At the last Everyman meeting Steve Lovell took us on a very interesting journey around Cuba. His enthusiasm for the island was obvious. He did not just look at one aspect of his subject. He is a keen nature and bird lover so we were treated to some photos of spectacular birds and flowers. He went into some detail about the history of the island and talked about the amazing classic cars he hired to get around Cuba. All in all it was a very enjoyable evening
The Everyman Club greeted 2020 with a visit from an old friend of the Club, John Pilkington who gave a talk entitled 'Eritrea and Ethiopia, Retracing a Victorian Expedition'. John took us back to 1868 when Queen Victoria's government mounted an extraordinary bid to rescue a small clutch of European hostages in the Abyssinian highlands. They built a Red Sea port, then a railway across the coastal plain and finally brought in 44 Indian elephants and took on 26,000 local people to serve the soldiers and carry their heavy guns into the heart of Africa. One hundred and fifty years later John has followed their route, partly on foot and with a donkey to carry the baggage and compared Eritrea and Ethiopia then and now. He found today's inhabitants spirited and energetic, living in dramatic and extremely challenging lands. It was history and adventure combined!
For our final meeting of 2019 we had a topical subject. As Christmas approaches we welcomed Caroline Holmes, a Garden Historian as well as a lecturer, broadcaster and design consultant with a talk entitled "Step into the Christmas Card". For the last150 years Christmas cards have been adorned with Nativity scenes, holly, ivy, mistletoe, rotund Father Christmases, stockings and trees. They have ranged from sacred to profane; have covered plant symbolism, cards echoing the Nativity with animals, shepherds and kings, New Year wishes and cartoons. So what on earth do Christmas Cards portray - are they tasteful or tasteless? Caroline explored these ideas using beautiful slides of ancient religious paintings, mainly from monastic books and Renaissance art, alongside more modern interpretations of Christmas symbols. Needless to say fashion plays a part and we are left with choosing whatever portrays our feelings. In the present day the permutations are endless! Wishing all our members and friends a Merry Christmas and a Happy and Healthy New Year. Our next meeting is on Tuesday 14th. January 2020 with a talk by John Pilkington entitled 'Eritrea and Ethiopia'.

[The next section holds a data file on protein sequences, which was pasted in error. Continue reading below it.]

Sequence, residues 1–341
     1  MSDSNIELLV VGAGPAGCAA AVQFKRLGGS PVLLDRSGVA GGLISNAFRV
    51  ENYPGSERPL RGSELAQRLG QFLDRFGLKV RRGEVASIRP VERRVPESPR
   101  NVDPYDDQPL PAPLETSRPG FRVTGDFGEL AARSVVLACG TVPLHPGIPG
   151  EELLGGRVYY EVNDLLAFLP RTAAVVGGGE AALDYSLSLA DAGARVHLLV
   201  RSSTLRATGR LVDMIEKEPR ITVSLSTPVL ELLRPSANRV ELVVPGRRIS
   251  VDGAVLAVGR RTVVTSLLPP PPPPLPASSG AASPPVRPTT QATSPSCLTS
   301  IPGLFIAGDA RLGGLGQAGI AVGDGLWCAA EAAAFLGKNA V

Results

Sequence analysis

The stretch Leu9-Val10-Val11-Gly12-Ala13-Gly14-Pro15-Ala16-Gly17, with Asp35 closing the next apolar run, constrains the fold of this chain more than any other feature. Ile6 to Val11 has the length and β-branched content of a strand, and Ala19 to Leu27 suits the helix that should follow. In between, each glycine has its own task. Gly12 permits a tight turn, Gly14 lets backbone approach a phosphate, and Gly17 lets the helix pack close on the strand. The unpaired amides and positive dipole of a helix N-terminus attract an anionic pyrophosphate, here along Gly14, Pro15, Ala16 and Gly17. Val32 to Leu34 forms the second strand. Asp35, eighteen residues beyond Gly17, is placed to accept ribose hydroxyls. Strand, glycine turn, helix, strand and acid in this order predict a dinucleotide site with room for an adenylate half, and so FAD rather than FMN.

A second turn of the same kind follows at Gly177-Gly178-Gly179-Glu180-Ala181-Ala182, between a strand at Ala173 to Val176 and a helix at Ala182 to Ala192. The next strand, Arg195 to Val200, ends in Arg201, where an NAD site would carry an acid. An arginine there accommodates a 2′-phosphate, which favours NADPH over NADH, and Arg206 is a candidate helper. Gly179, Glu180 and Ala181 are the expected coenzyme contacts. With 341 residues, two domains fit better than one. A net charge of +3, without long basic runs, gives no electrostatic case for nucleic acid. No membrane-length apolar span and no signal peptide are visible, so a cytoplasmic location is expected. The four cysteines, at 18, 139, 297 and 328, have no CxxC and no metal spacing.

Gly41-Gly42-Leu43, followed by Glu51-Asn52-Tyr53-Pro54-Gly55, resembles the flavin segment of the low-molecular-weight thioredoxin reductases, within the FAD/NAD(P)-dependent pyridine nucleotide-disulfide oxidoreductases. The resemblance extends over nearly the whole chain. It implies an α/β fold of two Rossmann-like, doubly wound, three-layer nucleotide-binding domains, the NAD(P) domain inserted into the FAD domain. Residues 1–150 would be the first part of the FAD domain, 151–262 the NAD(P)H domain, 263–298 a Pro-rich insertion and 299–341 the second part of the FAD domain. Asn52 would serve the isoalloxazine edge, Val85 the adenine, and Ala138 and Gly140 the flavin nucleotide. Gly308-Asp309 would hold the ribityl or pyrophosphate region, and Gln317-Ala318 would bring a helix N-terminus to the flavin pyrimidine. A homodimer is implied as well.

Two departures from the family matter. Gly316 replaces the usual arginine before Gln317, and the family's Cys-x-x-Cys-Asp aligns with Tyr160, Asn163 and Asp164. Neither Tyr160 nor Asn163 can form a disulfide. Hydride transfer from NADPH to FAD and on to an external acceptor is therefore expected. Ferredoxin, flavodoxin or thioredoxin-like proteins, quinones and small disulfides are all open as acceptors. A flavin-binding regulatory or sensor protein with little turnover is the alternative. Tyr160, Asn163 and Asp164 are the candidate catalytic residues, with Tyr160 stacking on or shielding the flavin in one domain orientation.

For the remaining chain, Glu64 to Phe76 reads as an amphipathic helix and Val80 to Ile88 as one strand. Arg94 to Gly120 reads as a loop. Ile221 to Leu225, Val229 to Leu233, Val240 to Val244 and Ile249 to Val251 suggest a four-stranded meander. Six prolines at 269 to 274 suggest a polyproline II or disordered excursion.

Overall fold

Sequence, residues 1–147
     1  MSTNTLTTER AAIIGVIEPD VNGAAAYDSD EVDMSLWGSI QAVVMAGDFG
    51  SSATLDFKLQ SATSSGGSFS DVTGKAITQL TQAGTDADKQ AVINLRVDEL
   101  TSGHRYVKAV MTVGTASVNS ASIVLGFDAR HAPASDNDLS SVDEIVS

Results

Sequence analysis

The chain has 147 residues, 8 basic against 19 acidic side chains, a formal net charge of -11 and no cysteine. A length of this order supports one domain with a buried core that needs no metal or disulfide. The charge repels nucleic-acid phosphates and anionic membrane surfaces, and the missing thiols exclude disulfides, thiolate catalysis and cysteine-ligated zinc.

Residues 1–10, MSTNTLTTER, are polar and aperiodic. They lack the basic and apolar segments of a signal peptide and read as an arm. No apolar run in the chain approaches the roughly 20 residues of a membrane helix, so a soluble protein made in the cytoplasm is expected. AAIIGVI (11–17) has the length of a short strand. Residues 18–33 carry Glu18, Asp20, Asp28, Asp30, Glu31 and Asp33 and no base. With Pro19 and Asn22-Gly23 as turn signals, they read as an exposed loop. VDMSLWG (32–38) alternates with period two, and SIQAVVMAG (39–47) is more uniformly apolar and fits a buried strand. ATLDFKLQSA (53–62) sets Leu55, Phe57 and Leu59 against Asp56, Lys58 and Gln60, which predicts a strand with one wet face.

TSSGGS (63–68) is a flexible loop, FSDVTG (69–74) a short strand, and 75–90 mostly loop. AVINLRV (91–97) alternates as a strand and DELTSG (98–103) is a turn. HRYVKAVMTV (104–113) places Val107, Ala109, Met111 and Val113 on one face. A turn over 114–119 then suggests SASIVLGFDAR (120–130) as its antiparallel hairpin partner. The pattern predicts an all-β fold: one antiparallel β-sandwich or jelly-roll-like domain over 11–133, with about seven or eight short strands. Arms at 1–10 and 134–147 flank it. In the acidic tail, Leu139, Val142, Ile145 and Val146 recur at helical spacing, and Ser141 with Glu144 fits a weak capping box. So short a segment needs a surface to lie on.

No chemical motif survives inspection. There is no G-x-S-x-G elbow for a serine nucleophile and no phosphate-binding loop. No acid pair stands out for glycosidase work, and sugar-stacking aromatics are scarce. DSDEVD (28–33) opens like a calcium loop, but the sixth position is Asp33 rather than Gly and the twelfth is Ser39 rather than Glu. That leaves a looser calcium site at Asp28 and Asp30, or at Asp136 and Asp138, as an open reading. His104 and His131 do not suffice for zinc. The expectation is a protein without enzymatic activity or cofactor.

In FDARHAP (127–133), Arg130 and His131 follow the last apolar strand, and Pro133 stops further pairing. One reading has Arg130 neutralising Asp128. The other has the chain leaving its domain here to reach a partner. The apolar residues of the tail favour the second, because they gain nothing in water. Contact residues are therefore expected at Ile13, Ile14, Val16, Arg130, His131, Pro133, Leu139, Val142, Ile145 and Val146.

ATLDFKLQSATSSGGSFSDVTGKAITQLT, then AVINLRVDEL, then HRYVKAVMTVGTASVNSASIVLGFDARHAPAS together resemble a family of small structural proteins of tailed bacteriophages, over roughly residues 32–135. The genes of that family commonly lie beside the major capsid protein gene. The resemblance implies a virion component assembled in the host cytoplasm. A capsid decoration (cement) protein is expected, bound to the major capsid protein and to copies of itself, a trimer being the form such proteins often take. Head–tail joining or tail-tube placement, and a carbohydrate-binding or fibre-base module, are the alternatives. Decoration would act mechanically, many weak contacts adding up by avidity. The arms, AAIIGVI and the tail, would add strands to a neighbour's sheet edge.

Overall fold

For our October meeting we had a talk by Denise Heywood entitled 'Sir Stamford Raffles '. This was Denise's fifth visit and it was good to welcome her back. Denise is an art historian, author, photographer and journalist. She worked in Cambodia in the 1990s and has been a scholar of Southeast Asian art ever since. Raffles, whose name is synonymous with a luxury hotel rather than the greatest Buddhist temple in the world, was the enlightened colonial administration of Java, Indonesia. He discovered the 8th century temple of Borobudur, hidden under volcanic ash, in 1814, acquired wondrous artifacts in Java, such as shadow puppets and textiles, which are now in the British Museum and founded Singapore, the most important trading port in the East.
For the first meeting of our 58th. season we had a most interesting talk by Professor Joyce Hill entitled 'In and Under the Vatican'. Joyce was privileged to have a private visit to the excavations beneath St. Peter's. She gave us an insider's view of this remarkable city state and an outline of its history. We were also told of her exploration of the excavations showing how they related to Constantine's 4th century basilica which was built above them and how the present St. Peter's relates both to the basilica and to the excavations. Professor Hill is a very knowledgeable and enthusiastic speaker who got our new season off to a great start. Our next meeting is on Tuesday October 8th and the speaker is Denise Heywood with a talk entitled 'Sir Stamford Raffles'.